It's funny that French-born, local performance artist, clown and occasional Pig Iron Theatre Company collaborator Emmanuelle Delpech is basing her newest work, "Spinning Immigrant," on her experience (and that of 16 other immigrants) of naturalizing to become an American citizen. "I have my passport, but I don't know if I feel like an American," says Delpech who emigrated from France to Philadelphia in 1998 and obtained citizenship in 2014. "I don't know all of America's parts. I do, however, feel Philadelphian, you know? I am Philadelphian."
Her FringeArts' show, "Spinning Immigrant," discusses the process of naturalization — the vows one takes in renouncing the commitments and values of the country you were born in – in order to fully become a U.S. citizen.
"For instance, I can't fight in the name of France," she says with a laugh. "It is about the spirit of America, the beauty of which is that anyone can become one just as I did." Delpech interviewed immigrants from Afghanistan, Italy, Africa, Albania, Vietnam, Ireland, Germany, Mexico and other countries — "people with perspectives different than mine" — to discuss the process of becoming. She taped responses about their journey, some from people whom "don't overthink the process of naturalization, despite struggle or loneliness" to come up with one great endpoint: that home is where the heart is. "We might not be completely whole here, but we're happy."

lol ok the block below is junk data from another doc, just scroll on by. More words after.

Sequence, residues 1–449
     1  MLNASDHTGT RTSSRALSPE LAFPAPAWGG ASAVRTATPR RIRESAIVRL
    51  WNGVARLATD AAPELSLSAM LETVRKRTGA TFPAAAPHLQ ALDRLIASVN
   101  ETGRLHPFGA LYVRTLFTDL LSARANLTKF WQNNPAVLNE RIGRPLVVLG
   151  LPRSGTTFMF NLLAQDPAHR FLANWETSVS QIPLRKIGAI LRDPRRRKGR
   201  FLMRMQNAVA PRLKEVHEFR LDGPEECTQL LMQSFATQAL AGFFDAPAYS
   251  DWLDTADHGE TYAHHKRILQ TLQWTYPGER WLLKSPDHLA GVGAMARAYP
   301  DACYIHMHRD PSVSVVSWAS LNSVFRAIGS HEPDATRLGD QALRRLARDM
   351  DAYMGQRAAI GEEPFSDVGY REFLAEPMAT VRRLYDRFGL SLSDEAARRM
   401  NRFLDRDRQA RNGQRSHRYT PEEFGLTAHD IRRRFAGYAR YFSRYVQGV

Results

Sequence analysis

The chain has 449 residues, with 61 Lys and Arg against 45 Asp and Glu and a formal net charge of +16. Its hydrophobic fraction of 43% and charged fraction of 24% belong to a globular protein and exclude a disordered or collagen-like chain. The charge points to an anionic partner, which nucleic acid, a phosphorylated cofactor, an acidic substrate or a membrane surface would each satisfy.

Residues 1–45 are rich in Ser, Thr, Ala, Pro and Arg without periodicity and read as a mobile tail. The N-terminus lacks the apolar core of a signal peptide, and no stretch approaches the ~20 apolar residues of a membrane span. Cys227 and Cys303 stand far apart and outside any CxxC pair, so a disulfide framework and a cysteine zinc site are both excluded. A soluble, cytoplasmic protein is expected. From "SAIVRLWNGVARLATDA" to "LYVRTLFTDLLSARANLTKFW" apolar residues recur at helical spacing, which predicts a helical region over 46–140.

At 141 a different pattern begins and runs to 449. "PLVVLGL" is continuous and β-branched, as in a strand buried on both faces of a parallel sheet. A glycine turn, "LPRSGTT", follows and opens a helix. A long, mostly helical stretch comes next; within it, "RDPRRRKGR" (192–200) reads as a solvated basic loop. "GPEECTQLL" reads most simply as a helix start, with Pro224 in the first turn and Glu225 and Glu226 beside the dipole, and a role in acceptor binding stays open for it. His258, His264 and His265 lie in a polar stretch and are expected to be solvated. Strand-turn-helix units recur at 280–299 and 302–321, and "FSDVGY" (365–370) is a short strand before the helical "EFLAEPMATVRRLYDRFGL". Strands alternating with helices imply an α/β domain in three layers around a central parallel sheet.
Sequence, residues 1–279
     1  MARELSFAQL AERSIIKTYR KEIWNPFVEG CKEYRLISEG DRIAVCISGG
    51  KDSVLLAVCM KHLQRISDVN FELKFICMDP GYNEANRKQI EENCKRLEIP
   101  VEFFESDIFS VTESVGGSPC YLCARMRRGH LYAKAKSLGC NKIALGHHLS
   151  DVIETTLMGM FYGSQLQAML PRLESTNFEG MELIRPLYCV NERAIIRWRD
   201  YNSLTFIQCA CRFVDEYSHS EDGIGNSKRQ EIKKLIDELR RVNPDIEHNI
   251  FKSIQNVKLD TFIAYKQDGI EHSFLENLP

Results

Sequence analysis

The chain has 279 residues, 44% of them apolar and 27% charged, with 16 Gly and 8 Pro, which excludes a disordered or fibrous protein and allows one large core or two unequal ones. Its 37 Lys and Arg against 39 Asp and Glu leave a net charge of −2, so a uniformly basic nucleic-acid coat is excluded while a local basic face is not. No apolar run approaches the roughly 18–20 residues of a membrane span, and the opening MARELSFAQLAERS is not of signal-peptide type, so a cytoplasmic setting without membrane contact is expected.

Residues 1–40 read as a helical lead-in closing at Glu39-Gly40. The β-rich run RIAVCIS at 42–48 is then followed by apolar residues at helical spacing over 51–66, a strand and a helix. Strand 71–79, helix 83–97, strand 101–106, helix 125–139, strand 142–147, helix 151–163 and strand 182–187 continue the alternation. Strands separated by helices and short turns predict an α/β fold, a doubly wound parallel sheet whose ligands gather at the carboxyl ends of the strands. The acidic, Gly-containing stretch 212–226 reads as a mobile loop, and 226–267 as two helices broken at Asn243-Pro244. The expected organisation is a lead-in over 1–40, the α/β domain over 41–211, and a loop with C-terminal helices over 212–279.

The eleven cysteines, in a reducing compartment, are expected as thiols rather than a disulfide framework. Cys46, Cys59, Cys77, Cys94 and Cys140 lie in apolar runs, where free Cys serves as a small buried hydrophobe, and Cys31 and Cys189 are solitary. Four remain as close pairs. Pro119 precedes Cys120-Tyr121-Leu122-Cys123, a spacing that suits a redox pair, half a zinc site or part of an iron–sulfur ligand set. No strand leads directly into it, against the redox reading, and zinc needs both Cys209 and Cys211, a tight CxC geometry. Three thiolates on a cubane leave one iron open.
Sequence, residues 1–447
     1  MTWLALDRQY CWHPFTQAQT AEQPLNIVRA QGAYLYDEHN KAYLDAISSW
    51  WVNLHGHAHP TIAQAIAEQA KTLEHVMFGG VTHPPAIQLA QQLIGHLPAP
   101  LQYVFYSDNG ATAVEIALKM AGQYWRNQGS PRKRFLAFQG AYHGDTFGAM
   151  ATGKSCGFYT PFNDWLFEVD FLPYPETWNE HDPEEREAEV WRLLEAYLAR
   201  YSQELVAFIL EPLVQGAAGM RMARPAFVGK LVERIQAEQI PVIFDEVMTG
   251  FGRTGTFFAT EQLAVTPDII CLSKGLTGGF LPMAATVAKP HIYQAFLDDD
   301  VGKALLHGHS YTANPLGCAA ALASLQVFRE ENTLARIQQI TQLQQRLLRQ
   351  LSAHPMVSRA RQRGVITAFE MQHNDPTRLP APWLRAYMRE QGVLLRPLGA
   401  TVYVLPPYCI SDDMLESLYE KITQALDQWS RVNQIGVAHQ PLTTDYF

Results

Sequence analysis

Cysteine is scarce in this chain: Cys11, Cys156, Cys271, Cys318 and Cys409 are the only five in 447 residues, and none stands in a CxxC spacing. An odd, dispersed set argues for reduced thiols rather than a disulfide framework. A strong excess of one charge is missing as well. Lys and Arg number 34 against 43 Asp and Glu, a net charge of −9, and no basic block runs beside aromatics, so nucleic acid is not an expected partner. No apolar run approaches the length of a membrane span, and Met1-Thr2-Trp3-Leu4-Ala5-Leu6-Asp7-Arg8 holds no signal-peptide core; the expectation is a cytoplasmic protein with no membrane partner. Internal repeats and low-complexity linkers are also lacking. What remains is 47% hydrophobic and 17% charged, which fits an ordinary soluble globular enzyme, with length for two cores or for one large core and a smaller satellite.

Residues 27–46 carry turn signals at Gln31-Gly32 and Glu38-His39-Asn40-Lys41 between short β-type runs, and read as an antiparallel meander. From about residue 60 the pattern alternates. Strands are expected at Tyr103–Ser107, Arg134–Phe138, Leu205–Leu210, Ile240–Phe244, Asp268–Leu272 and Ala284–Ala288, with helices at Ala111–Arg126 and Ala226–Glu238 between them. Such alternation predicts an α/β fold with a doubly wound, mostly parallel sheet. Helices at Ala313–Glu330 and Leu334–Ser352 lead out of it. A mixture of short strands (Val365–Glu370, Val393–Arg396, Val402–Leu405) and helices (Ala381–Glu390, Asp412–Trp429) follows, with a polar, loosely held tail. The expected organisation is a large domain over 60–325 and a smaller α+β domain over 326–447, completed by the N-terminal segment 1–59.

The voices of immigrants and the sounds of their native lands are wound throughout "Spinning Immigrant" courtesy of Delpech's newest skill – DJing. To learn this art, she went to Chestnut Street's Scratch Academy where she learned from Philly DJs Cosmo Baker and Rich Media how to rock rhythms and match vocal samples to beats.
"It was really hard and I'm not very good, but I get the job done," she laughs. The fact that she can reinvent herself though, at age 43, as a DJ? That is a true metaphor for the American experience.